Unknown Egyptian, ‘Stone Falcon Horus Figure’, 664 BC to 525 BC, Barakat Gallery
Unknown Egyptian, ‘Stone Falcon Horus Figure’, 664 BC to 525 BC, Barakat Gallery
Unknown Egyptian, ‘Stone Falcon Horus Figure’, 664 BC to 525 BC, Barakat Gallery
Unknown Egyptian, ‘Stone Falcon Horus Figure’, 664 BC to 525 BC, Barakat Gallery

The Egyptians have left us with what is perhaps the most detailed legacy of an ancient civilization. They had strong beliefs about what would happen after the death and spent much of their earthly lives preparing for the next world.

The falcon is one of the few clear examples of a motif known in Egypt’s Predynastic times that continued into the Dynastic period, after 3100 B.C., when it symbolized the king as an embodiment of the falcon-headed god Horus, the patron deity of kingship. Horus was the falcon-deity, originally the sky-god, identified with the king during his lifetime Known more importantly as the son of Osiris and Isis. Horus was also the avenger of his father Osiris, who was killed by Set.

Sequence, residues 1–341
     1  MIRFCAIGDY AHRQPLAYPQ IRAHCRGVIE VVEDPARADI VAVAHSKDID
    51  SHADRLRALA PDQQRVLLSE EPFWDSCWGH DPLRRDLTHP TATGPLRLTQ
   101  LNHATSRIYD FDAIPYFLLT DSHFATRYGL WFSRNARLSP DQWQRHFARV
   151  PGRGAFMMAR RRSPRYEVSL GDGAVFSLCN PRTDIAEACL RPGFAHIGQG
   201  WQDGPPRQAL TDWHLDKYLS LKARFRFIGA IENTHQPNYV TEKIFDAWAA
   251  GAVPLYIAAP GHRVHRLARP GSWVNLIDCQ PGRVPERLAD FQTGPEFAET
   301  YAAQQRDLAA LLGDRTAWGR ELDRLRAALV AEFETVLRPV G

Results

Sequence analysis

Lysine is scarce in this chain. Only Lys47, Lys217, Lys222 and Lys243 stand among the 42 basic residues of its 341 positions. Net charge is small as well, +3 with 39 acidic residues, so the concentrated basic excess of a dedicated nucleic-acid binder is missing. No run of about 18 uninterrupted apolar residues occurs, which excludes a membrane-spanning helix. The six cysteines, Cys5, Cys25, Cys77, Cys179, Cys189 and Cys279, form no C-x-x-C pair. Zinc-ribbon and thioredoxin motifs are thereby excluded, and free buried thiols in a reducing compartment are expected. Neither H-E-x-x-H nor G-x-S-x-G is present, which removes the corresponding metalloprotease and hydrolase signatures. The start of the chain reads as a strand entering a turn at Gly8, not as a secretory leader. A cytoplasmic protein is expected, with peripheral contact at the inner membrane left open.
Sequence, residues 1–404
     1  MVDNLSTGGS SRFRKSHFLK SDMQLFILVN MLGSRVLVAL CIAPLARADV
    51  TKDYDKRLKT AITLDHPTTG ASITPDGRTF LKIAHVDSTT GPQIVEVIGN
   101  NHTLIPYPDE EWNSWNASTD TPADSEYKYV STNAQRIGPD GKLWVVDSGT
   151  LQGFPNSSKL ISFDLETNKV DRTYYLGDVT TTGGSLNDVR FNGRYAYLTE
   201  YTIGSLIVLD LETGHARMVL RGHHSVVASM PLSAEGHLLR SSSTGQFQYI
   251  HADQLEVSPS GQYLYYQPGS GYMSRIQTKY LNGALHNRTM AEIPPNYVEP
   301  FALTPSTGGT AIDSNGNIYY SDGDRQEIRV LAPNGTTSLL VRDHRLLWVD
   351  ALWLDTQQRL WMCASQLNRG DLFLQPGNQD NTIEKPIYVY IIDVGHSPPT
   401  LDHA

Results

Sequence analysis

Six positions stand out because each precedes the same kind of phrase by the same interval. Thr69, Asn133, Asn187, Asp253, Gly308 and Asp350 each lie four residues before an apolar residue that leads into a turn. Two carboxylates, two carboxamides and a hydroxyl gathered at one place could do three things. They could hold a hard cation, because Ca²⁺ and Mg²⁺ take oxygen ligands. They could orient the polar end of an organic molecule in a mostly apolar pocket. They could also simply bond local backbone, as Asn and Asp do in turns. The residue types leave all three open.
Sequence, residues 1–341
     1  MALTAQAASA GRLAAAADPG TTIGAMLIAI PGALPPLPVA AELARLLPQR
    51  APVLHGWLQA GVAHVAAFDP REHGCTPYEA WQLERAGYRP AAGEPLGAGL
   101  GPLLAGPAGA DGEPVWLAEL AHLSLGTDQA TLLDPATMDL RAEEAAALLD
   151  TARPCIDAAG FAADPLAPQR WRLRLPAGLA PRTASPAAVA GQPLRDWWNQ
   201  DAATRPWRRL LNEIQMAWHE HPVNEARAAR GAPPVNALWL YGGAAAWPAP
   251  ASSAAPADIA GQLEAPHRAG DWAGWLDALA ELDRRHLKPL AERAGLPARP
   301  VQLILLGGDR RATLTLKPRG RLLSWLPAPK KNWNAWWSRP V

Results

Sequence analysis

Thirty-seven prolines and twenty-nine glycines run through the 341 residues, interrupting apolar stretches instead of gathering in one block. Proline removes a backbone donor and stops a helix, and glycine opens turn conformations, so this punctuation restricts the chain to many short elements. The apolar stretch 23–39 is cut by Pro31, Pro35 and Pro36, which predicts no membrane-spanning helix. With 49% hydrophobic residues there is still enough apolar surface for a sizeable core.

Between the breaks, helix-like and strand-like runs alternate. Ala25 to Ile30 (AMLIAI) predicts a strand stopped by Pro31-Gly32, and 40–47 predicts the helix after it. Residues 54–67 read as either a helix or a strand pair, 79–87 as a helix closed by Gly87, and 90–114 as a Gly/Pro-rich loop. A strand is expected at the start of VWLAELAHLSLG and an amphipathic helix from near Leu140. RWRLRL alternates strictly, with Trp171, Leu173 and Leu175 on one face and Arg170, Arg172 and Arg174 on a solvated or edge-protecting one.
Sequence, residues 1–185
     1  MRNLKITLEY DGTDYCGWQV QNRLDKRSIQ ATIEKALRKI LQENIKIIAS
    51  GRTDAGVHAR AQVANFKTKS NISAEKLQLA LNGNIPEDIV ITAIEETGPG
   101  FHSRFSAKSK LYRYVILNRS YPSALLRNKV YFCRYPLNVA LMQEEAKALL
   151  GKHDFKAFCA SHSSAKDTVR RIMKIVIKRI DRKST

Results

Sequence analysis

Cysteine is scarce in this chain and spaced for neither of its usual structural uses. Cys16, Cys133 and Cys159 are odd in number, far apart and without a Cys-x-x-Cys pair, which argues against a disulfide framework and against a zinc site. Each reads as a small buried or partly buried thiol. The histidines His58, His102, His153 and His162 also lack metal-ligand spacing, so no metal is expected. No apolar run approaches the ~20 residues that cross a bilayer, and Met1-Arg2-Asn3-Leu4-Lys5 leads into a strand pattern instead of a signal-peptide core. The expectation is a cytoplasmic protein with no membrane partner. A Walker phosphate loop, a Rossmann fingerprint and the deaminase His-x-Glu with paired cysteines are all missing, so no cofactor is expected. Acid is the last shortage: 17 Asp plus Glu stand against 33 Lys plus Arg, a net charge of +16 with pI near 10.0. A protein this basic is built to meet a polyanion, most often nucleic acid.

Masterfully carved from stone, the falcon’s shape and profile are familiar from later representations. In all his forms, the Egyptian Horus was seen as the Prince of Gods, other gods of the pantheon becoming subordinate to him. Archaeologists researching the sites of Ancient Egypt have uncovered numerous falcon figures, ranging from life-size representations to tiny statuettes crafted with exquisite precision. This is also partly due to the fact that the falcon was sacred to Sokar, the Memphite patron of the Dead.

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